Citizen scientists continue building community awareness
Eight local watershed groups are proud to share their 2014 Annual Water Quality Monitoring Reports
During the inception of the Columbia Basin Watershed Network (CBWN) in 2005, watershed groups identified a desire to collect water quality information for smaller watersheds in the Columbia Basin. As a result, the Columbia Basin Water Quality Monitoring Project (WQMP) was born and the project has evolved into a long-term monitoring program enhancing technical skills and understanding in local stewardship groups.
“The collection of long-term data about streams in the Columbia Basin is very important, both from the standpoint of understanding the current quality of our watercourses but also from the view of establishing a baseline so that changes over time can be noted,” said Laura Duncan, WQMP Technical Coordinator. “Groups involved in the project are now equipped with a baseline of water quality.”
Eight collaborating watershed groups are currently overseeing the project, including in the East Kootenay: Golden Wildsight; Invermere Wildsight; Joseph Creek Streamkeepers, Cranbrook; St. Mary Valley Rural Residents Association, Kimberley.
And in the Central Kootenay: Arrow Lakes Stewardship Society, Burton; Friends of the Lardeau River, Howser; Salmo Watershed Streamkeepers Society; Slocan Streamkeepers Society, Winlaw.
The water groups are collecting a large suite of water quality parameters such as turbidity, pH, specific conductivity, dissolved oxygen, water temperature, inorganic materials, nutrients, and metals. Groups were trained to collect benthic macro-invertebrates, habitat and water quality data using the Canadian Aquatic Biomonitoring Network (CABIN) protocols established by Environment Canada. Water quality data collected by groups at potentially threatened sites are compared to other reference sites where anthropogenic effects are minimal and environmental characteristics are similar.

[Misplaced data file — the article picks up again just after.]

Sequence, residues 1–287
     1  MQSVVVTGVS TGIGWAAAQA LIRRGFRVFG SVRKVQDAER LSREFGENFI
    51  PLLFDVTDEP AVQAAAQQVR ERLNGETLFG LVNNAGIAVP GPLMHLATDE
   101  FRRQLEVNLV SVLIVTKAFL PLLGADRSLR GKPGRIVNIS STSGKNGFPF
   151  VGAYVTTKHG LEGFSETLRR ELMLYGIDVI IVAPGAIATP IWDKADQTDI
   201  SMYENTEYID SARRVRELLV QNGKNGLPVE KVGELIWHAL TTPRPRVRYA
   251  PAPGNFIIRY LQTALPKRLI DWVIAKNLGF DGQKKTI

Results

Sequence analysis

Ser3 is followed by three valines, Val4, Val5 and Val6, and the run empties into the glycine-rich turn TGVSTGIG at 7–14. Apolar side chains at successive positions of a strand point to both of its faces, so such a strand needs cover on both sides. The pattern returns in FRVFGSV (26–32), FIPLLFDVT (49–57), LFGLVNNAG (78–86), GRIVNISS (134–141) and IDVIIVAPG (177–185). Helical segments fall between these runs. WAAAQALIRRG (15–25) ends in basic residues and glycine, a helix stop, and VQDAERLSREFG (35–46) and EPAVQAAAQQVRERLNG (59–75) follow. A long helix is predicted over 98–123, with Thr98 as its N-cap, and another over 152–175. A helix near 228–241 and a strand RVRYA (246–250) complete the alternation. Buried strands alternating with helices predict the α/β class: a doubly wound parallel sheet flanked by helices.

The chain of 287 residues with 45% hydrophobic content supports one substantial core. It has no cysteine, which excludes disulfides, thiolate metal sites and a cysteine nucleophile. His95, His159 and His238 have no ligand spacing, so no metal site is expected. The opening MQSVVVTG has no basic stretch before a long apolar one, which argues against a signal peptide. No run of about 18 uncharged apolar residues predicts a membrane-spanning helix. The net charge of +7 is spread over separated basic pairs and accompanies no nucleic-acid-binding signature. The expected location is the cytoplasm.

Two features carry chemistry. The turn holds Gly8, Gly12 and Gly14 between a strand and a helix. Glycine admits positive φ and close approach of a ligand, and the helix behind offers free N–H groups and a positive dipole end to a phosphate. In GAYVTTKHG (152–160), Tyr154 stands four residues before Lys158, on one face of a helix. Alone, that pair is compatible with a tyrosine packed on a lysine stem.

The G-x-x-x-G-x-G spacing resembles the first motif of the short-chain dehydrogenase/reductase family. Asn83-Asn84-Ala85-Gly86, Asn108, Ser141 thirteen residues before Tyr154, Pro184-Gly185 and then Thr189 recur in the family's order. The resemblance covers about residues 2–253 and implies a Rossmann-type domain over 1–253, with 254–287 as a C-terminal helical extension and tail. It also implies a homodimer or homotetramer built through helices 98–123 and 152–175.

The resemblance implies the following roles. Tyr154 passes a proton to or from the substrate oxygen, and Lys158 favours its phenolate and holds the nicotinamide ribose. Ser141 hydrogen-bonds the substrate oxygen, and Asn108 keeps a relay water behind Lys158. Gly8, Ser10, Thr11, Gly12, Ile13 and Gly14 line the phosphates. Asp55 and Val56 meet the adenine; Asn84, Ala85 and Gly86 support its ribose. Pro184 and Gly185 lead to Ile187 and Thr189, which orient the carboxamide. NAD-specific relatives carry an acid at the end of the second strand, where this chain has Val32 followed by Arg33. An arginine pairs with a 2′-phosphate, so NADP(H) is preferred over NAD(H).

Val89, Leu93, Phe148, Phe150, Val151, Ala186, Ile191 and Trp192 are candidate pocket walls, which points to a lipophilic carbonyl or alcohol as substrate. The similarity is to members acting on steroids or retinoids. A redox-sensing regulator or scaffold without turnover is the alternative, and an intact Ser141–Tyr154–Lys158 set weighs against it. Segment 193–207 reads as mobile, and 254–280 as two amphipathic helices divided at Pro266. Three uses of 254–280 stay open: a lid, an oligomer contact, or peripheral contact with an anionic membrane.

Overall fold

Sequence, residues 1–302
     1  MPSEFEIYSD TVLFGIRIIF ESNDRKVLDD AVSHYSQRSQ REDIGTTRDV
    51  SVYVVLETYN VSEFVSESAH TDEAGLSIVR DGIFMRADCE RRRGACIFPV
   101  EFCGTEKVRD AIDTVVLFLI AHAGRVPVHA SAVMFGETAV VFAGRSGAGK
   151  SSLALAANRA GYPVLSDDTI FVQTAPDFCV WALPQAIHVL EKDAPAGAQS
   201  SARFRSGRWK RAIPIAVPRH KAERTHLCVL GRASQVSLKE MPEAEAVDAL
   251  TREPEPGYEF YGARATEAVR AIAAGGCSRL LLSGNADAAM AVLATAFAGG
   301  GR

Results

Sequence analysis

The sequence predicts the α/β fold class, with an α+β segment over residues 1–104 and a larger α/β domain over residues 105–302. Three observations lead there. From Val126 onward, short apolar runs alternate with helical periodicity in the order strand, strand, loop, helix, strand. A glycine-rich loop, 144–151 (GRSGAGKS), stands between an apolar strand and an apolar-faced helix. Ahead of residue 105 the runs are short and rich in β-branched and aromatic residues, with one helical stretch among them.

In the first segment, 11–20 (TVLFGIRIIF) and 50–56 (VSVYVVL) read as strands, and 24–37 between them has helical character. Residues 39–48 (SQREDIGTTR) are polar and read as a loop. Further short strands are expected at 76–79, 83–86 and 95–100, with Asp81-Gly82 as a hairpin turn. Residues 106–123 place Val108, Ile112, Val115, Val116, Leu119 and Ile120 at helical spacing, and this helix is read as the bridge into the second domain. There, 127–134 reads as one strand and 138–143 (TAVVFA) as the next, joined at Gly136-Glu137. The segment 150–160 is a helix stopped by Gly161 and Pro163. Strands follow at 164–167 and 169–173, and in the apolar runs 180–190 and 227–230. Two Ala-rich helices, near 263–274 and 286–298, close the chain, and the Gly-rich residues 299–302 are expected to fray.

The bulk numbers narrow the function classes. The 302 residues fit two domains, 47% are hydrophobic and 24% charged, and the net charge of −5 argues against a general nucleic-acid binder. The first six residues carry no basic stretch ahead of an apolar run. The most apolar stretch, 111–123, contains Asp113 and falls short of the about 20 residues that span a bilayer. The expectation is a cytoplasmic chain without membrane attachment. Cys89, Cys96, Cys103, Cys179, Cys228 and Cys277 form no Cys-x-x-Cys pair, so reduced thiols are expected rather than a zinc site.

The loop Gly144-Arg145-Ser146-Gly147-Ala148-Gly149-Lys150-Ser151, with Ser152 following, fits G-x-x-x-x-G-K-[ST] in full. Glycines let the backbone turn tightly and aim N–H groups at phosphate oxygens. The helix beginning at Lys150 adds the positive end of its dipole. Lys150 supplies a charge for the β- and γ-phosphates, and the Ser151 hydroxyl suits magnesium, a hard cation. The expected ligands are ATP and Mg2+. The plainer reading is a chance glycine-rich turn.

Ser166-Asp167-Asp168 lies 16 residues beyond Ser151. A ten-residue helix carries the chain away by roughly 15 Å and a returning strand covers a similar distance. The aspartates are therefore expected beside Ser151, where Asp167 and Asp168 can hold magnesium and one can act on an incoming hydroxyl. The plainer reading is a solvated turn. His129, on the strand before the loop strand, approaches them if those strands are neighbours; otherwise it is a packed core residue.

Results from the 2014 Annual Water Quality Monitoring Reports suggests that a number of smaller watersheds in the Columbia Basin are impacted relative to the preliminary Okanagan-Columbia reference model. Although it’s difficult to determine whether these differences in stream health between the reference model and WQMP sites are the result of natural variations in stream habitat and/or stream water quantity and quality, it’s hypothesized that many of these difference could be the result of land use disturbances and climate change.
Not only does the project provide important baseline data and build capacity in stewardship groups, it provides a platform for groups to collaborate, mentor each other and learn together.
“The WQMP is an excellent example of collaboration for water monitoring across the Columbia Basin and helps to heighten the profile of the good work of grassroots groups, especially as attention to water and water management in the Basin grows due to the Columbia River Treaty and Water Sustainability Act processes,” said Heather Leschied, Wildsight.
The release of the Annual Water Quality Monitoring Reports is a first step in linking the monitoring project with community awareness activities. Groups currently overseeing the project will continue to work hard to promote local awareness and education.
“The WQMP has increased our group’s capacity to carry out our mission to work with the community to assess and restore the aquatic environment and raise awareness about aquatic issues” said Jennifer Yeow, Slocan River Streamkeepers. “The project provides a natural teaching tool for our school outreach and has provided baseline data that is recognized as credible by our community.”
Another important goal of the project is to make the raw data accessible for other users. The online WQMP database, hosted by the CBWN webpage, will be updated now that the data has been reported. For more information visit www.cbwn.ca or email [email protected]
Above photo: WQMP members monitoring water quality